Spinal Fusion


Related Terms

  • Anterior Spinal Fusion
  • Arthrodesis
  • Harrington Rod Insertion
  • Luque Rod Insertion
  • Posterior Spinal Fusion
  • Spinal Arthrodesis
  • Spine Arthrodesis
  • Spondylosyndesis
  • Vertebral Fusion

Specialists

  • Neurosurgeon
  • Occupational Therapist
  • Orthopedic (Orthopaedic) Surgeon
  • Physical Therapist

Comorbid Conditions

Factors Influencing Duration

The region of the spine involved, the surgical technique used, the underlying disease or condition for which the fusion was performed, the presence of complications, and an individual's job requirements may influence the length of disability. The individual's preoperative level of physical fitness and response to surgical treatment also influences the length of disability.

Cigarette smoking decreases the chances of successful spinal fusion as does the use of nonsteroidal anti-inflammatory drugs (NSAIDs) in the early postoperative period.

Medical Codes

ICD-9-CM:
81.00 - Spinal Fusion, Not Otherwise Specified
81.01 - Atlas-axis Spinal Fusion; Craniocervical Fusion by Anterior, Transoral, or Posterior Technique; C1-C2 Fusion by Anterior, Transoral, or Posterior Technique; Occiput C2 Fusion by Anterior, Transoral, or Posterior Technique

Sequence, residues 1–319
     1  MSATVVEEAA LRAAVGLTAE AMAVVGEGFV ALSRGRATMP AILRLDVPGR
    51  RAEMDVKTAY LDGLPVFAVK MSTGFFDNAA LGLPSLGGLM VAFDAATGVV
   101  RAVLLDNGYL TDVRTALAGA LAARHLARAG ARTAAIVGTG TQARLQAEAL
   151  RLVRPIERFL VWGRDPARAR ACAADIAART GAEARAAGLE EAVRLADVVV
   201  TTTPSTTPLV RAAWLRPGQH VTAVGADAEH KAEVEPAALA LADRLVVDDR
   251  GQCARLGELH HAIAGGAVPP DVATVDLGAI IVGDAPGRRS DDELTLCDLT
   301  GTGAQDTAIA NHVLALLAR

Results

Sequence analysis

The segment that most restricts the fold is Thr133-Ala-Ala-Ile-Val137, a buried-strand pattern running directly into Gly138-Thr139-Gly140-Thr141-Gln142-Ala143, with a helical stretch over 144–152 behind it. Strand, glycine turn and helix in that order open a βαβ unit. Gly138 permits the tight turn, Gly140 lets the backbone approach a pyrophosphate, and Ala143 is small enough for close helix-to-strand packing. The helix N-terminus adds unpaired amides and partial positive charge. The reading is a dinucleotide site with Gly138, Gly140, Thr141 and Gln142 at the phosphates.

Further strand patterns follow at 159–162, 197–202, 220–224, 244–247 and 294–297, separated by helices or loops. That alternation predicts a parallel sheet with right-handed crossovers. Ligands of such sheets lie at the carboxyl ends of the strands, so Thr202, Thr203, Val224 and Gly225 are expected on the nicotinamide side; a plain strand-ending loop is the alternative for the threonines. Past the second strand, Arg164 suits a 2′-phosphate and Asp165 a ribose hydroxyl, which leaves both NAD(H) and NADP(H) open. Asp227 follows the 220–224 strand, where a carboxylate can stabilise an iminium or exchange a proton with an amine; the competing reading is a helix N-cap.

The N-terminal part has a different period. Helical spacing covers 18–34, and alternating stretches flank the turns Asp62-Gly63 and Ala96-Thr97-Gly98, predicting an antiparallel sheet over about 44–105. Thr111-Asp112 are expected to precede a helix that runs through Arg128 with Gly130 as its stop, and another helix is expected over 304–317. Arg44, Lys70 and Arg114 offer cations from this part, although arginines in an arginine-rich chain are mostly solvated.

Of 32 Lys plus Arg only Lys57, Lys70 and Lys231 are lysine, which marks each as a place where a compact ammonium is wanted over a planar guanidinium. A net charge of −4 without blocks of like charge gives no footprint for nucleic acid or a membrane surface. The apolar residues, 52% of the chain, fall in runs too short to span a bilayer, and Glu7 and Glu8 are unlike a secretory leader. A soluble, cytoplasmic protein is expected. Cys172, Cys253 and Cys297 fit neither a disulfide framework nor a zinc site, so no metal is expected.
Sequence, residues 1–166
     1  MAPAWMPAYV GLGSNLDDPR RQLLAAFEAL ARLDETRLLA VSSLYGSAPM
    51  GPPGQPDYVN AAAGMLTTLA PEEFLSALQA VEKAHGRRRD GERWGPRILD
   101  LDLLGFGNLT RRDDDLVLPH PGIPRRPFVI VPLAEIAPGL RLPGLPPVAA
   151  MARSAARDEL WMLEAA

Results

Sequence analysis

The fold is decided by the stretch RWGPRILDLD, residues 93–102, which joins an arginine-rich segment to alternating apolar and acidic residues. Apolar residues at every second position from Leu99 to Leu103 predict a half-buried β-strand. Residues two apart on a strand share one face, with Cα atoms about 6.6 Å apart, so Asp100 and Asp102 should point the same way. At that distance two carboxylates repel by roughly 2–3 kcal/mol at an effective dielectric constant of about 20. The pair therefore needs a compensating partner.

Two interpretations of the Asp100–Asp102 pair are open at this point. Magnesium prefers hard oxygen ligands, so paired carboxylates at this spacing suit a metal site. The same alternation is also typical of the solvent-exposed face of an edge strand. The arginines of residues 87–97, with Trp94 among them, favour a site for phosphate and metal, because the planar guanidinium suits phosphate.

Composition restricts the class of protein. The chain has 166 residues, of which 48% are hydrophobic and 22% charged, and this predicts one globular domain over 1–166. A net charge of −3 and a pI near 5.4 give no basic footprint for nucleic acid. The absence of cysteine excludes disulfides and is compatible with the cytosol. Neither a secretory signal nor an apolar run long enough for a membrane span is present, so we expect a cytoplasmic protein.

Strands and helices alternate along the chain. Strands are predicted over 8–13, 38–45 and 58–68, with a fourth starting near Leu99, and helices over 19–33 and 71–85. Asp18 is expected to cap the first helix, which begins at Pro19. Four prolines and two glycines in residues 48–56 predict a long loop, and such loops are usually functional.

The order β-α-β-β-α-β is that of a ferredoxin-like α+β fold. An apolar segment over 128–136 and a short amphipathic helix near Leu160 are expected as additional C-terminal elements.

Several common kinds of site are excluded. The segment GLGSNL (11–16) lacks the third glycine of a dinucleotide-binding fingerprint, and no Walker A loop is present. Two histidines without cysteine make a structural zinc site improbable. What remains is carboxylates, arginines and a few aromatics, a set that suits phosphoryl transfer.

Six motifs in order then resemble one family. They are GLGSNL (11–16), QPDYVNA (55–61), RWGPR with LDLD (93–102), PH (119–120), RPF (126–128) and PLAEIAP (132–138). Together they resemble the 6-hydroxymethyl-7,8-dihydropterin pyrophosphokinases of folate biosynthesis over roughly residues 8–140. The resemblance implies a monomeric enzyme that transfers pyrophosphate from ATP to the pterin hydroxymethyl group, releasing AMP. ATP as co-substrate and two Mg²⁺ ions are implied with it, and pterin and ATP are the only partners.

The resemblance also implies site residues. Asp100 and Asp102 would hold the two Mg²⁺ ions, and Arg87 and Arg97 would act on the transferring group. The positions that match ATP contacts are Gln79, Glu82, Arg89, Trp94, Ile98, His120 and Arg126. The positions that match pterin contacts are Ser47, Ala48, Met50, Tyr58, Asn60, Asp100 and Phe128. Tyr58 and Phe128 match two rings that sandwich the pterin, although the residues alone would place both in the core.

81.02 - Other Cervical Fusion of the Anterior Column, Anterior Technique; Arthrodesis of C2 Level or Below: Anterior Interbody Fusion
81.03 - Other Cervical Fusion of the Posterior Column, Posterior Technique; Arthrodesis of C2 Level or Below, Posterolateral Technique
81.04 - Dorsal and Dorsolumbar Fusion of the Anterior Column, Anterior Technique; Arthrodesis of Thoracic or Thoracolumbar Region: Anterior Interbody Fusion; Extracavitary Technique
81.05 - Dorsal and Dorsolumbar Fusion of the Posterior Column, Posterior Technique; Arthrodesis of Thoracic or Thoracolumbar Region, Posterolateral Technique
81.06 - Lumbar and Lumbosacral Fusion of The Anterior Column, Anterior Technique; Anterior Lumbar Interbody Fusion (ALIF); Arthrodesis of Lumbar or Lumbosacral Region: Anterior Interbody Fusion; Anterolateral Technique; Retroperitoneal; Transperitoneal; Direct Lateral Interbody Fusion [DLIF]; Extreme Lateral Interbody Fusion [XLIF]
81.07 - Lumbar and Lumbosacral Fusion of the Posterior Column, Posterior Technique; Facet Fusion; Posterolateral Technique; Transverse Process Technique; Facet Fusion; Posterolateral Technique; Transverse Process Technique
81.08 - Lumbar and Lumbosacral Fusion of The Anterior Column, Posterior Technique; Arthrodesis of Lumbar or Lumbosacral Region, Posterior Interbody Fusion; Axial Lumbar Interbody Fusion [Axialif] ; Posterior Lumbar Interbody Fusion (PLIF); Transforaminal Lumbar Interbody Fusion (TLIF)

Prognosis

Spinal fusion has variable outcomes, with some individuals experiencing a good to excellent outcome and others experiencing a poor outcome. Cervical spine fusions have a high success rate, both in terms of patient outcome and in terms of radiographic fusion status. Even with successful lumbar fusion, back symptoms are not relieved (clinical failure) in many cases. Nonunion may occur, although new technology has contributed to its decreased frequency. Serious complications can have lifelong, debilitating effects.

Source: Medical Disability Advisor